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Prisoners have some of the worst health outcomes of any population group and are one of the most marginalised and stigmatised groups in Australia.  Each year more than 50,000 people cycle through Australian prisons, with the number of ex-prisoners in the community estimated to be around 400,000 nationally.  Due to lack of engagement with health services, many of these individuals enter the criminal justice system with pre-existing health conditions and most go undetected or untreated during incarceration.  Epidemiological studies have consistently shown rates of mental illness and bloodborne viral infections (e.g. hepatitis C and hepatitis B) to be much higher among prisoners than in the general population.  In addition to this, many engage in health risk behaviours such as injecting drug use, tobacco and other drug use at high levels.  Prisoners also show increased mortality particularly from drug overdose, suicide and violence.

The Australian Centre for Research Excellence (CRE) in Offender Health was funded by the Australian National Health and Medical Research Council in 2013.  Prior to this CRE, there was no national (or international) centre focused on offender health, despite the large discrepancies that exist between the overall health of prisoners and those in the general population.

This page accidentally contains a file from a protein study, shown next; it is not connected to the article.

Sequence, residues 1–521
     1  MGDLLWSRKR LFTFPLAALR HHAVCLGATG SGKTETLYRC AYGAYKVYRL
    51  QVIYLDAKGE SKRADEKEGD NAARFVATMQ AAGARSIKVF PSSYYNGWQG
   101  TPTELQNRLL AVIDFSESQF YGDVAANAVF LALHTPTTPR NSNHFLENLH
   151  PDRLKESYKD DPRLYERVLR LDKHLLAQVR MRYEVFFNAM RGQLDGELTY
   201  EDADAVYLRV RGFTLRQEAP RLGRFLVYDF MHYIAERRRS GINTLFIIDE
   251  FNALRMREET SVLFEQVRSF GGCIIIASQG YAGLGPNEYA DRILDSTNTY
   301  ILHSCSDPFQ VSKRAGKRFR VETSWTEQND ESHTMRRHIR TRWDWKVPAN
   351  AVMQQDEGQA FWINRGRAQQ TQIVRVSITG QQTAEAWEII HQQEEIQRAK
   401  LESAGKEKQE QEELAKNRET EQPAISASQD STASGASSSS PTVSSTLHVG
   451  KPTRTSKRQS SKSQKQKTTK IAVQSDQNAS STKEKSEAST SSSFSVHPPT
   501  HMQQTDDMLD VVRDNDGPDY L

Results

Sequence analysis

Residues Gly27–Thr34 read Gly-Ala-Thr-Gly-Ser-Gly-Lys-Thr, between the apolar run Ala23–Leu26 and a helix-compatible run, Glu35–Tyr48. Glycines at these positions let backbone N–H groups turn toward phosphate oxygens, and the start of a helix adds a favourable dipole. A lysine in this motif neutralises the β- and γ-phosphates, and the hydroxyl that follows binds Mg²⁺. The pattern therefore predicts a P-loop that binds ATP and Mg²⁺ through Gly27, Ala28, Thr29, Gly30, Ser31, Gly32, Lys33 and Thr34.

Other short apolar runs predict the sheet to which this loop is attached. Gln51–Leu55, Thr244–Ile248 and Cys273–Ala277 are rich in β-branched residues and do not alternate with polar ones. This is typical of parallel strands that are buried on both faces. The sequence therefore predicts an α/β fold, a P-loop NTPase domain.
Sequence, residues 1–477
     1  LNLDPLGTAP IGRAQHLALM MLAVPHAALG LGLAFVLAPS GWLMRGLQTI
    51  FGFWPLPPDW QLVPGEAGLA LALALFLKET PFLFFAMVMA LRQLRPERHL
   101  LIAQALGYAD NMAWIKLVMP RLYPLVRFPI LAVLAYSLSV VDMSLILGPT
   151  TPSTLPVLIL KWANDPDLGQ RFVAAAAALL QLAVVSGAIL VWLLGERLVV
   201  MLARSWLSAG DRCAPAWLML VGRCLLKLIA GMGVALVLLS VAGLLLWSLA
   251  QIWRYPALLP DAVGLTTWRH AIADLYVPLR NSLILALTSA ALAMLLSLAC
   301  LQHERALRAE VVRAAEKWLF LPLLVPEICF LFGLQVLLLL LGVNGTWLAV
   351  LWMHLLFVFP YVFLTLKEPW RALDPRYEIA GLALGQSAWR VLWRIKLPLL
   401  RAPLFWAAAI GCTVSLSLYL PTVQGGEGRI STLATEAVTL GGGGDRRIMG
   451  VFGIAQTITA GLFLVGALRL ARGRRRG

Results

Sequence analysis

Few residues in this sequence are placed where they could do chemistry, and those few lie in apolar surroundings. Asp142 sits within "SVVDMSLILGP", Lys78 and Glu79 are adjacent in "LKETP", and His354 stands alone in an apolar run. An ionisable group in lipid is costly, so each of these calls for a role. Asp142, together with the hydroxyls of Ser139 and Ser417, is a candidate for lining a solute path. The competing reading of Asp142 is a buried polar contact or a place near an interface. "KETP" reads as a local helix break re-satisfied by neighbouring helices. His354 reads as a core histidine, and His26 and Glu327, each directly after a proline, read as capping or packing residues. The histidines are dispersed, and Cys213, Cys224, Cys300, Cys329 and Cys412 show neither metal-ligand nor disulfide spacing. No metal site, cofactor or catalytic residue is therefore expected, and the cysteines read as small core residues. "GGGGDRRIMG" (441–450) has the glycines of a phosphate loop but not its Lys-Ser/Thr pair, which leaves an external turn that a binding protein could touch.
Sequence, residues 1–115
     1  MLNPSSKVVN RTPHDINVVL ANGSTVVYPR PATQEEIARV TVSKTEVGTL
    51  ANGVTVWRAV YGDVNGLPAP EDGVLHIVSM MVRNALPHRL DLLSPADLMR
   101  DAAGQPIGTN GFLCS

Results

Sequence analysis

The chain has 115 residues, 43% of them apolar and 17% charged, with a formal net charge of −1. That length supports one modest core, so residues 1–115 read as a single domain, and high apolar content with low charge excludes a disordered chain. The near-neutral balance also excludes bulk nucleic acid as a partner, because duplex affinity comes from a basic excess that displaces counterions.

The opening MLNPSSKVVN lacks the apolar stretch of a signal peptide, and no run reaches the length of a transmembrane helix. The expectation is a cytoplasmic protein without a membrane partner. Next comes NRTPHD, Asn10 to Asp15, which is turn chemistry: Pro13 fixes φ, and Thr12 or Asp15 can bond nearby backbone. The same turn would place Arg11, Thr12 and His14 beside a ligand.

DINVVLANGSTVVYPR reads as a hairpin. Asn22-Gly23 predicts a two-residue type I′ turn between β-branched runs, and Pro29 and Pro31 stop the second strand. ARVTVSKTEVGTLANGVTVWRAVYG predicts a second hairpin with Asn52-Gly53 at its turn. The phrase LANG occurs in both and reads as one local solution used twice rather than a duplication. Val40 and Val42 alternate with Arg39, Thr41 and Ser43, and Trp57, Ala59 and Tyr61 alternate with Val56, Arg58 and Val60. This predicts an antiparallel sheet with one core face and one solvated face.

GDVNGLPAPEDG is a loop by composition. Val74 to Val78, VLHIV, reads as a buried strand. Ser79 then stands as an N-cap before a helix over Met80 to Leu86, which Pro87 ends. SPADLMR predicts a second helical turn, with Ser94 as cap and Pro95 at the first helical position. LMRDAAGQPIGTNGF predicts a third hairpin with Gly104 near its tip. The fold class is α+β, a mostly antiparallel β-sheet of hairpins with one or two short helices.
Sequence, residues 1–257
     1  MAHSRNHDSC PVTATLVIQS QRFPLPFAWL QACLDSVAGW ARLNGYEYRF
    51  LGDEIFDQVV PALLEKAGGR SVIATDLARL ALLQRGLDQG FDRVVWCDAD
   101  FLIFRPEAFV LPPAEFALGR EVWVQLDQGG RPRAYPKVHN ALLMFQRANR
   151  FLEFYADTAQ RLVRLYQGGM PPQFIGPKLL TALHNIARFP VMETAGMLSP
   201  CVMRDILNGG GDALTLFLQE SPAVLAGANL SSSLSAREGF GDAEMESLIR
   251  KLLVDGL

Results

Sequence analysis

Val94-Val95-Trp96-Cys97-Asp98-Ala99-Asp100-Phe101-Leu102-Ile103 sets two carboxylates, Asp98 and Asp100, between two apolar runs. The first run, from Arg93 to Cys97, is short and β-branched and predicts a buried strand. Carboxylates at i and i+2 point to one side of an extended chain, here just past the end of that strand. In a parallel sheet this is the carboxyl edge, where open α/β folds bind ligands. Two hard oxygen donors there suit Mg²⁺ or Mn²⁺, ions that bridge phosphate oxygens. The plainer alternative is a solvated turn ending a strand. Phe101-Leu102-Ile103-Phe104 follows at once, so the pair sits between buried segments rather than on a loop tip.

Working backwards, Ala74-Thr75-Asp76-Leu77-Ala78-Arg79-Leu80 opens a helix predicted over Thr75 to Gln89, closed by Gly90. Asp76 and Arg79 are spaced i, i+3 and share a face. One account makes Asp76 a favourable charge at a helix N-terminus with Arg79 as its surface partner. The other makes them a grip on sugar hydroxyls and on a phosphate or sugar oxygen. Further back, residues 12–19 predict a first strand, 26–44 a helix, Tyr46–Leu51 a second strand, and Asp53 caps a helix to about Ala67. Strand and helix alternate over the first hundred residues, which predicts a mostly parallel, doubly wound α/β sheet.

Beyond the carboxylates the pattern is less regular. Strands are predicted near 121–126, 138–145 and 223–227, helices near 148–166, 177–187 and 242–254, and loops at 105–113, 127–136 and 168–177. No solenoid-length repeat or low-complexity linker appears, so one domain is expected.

The CRE in Offender Health brings together a team of internationally recognised researchers from across Australia who specialise in various aspects of offender health to advance research and policy in the area and to improve health outcomes for this population group.  The CRE prioritises two overall research themes – mental health and infectious diseases – both are in line with national priority areas and reflect the burden of diseases posed by these areas on the offender population.  The two primary themes fall under three research strands: Surveillance and monitoring, Treatment interventions and Evaluation.